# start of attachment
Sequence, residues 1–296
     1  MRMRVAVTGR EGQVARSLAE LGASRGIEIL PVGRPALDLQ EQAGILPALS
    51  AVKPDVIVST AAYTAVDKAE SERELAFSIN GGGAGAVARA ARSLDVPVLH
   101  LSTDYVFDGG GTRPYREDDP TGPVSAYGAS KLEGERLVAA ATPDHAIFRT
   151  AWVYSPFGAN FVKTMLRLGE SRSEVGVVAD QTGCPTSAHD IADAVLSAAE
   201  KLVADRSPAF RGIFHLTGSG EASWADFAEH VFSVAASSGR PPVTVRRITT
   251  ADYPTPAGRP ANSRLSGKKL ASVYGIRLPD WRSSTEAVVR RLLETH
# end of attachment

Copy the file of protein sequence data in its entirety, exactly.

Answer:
Sequence, residues 1–296
     1  MRMRVAVTGR EGQVARSLAE LGASRGIEIL PVGRPALDLQ EQAGILPALS
    51  AVKPDVIVST AAYTAVDKAE SERELAFSIN GGGAGAVARA ARSLDVPVLH
   101  LSTDYVFDGG GTRPYREDDP TGPVSAYGAS KLEGERLVAA ATPDHAIFRT
   151  AWVYSPFGAN FVKTMLRLGE SRSEVGVVAD QTGCPTSAHD IADAVLSAAE
   201  KLVADRSPAF RGIFHLTGSG EASWADFAEH VFSVAASSGR PPVTVRRITT
   251  ADYPTPAGRP ANSRLSGKKL ASVYGIRLPD WRSSTEAVVR RLLETH